The defendants move for summary judgment. They argue that the plaintiff's deliberate-indifference claims are barred by both the statute of limitations and claim preclusion (also known as res judicata). They also argue that the plaintiff's allegations concerning the lab reports are baseless.

         II. DISCUSSION

         Summary judgment is required where “there is no genuine dispute as to any material fact and the movant is entitled to judgment as a matter of law.” Fed.R.Civ.P. 56(a). When considering a motion for summary judgment, I take evidence in the light most favorable to the non-moving party and must grant the motion if no reasonable juror could find for that party. Anderson v. Liberty Lobby, Inc., 477 U.S. 242, 248, 255 (1986).

         A. Deliberate Indifference

         The defendants argue that the plaintiff's deliberate-indifference claims are barred by the statute of limitations and claim preclusion. I begin with the statute of limitations. Federal courts adjudicating claims under 42 U.S.C. § 1983 borrow the applicable state- law statute of limitations governing personal-injury suits. Malone v. Corr. Corp. of Am., 553 F.3d 540, 542 (7th Cir. 2009). Here, Wisconsin law applies, and the relevant limitations period is six years. Id. at 542.

         The plaintiff's deliberate-indifference claims are based on injuries sustained between September 2007 and March 2010. (Am. Compl. at p. 9.) The claims thus accrued no later than March 31, 2010. But the plaintiff did not commence this suit until November 4, 2016, more than six years later. Still, the plaintiff filed the Dane County action in 2010, and that case was pending for about three years. Under Wisconsin law, the limitations period for a claim is tolled for the time in which an action concerning that very claim is pending. See Wis. Stat. § 893.13. If we subtract the three years in which the Dane County action was pending from the limitations period, the present suit would be timely. But it would be timely only as to the defendants who were actually defendants in the Dane County suit. This is so because the plaintiff did not “commence” an action against the individuals who were not defendants in the Dane County action, see Wis. Stat. § 893.02, and thus he could not use the tolling statute to save his claims against those defendants.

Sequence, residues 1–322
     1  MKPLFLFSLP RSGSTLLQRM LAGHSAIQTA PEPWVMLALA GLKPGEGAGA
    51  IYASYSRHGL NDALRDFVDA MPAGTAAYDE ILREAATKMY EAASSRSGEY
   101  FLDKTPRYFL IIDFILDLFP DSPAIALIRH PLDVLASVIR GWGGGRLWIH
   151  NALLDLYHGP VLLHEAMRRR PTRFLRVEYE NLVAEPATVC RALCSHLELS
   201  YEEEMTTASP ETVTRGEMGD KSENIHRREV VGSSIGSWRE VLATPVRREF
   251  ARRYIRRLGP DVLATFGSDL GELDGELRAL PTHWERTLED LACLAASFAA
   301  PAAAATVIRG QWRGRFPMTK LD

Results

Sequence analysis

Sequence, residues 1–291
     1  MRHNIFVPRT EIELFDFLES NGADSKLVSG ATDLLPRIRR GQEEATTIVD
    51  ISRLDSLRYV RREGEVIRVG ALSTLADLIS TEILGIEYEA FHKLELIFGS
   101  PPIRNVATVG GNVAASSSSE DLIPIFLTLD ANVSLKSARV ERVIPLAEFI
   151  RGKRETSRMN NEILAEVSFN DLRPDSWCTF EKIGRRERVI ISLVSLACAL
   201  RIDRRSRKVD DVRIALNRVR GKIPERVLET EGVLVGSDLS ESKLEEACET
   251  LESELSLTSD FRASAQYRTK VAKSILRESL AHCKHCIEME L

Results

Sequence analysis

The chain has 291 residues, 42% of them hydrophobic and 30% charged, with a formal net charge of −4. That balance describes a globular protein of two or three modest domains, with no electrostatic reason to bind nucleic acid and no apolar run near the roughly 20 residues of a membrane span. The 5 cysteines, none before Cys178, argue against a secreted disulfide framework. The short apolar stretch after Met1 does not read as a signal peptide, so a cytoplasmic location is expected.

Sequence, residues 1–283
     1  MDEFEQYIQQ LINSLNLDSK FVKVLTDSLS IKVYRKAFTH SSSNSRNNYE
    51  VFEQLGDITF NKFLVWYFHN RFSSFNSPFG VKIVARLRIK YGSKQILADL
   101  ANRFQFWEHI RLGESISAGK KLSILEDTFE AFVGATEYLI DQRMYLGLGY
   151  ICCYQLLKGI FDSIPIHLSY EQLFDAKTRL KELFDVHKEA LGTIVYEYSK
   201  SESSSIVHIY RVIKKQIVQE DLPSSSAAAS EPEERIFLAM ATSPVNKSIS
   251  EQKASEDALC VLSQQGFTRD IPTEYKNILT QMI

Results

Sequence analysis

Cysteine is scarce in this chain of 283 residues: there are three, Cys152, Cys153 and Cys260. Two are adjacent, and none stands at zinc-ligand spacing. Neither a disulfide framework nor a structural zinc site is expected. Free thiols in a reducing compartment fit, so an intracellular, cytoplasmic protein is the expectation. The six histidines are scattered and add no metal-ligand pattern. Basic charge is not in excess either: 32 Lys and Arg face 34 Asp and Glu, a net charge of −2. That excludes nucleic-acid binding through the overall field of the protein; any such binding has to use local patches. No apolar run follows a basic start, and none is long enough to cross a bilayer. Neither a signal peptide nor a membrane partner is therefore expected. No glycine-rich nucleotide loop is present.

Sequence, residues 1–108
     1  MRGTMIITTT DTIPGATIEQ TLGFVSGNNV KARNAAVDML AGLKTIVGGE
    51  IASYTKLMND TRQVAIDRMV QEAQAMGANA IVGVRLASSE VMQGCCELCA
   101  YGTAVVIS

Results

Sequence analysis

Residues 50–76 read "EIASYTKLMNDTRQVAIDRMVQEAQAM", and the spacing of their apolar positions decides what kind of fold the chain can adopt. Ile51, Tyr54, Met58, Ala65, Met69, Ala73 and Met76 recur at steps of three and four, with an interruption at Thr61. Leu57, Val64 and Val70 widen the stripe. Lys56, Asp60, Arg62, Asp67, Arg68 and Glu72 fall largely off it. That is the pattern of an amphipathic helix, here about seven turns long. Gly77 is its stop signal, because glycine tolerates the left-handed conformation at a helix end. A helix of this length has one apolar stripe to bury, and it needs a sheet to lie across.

Comparing the amended complaint in this case to the complaint filed in Dane County (which is in the record at ECF No. 26-2, beginning on ECF page 11), I find that the defendants in the present case who were not also defendants in the Dane County case are the following: Linda Karaszewski, the defendant identified only as “Scherricks, ” Ms. Demars, Jean Carlson, Diane Swiers, and the defendants identified as John or Jane Does. The plaintiff's ...